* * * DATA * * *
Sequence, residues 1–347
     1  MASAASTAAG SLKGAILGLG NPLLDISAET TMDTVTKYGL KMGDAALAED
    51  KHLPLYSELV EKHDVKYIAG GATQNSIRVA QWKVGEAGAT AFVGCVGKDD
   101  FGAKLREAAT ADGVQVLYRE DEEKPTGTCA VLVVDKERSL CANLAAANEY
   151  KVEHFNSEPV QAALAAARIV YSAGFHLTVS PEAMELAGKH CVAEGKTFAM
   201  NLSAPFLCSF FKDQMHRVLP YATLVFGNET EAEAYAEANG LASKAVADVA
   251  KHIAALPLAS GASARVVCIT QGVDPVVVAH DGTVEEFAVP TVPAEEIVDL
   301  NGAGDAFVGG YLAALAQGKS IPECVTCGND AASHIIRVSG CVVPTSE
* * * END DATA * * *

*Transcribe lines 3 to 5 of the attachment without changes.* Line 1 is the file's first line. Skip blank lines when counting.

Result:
    51  KHLPLYSELV EKHDVKYIAG GATQNSIRVA QWKVGEAGAT AFVGCVGKDD
   101  FGAKLREAAT ADGVQVLYRE DEEKPTGTCA VLVVDKERSL CANLAAANEY
   151  KVEHFNSEPV QAALAAARIV YSAGFHLTVS PEAMELAGKH CVAEGKTFAM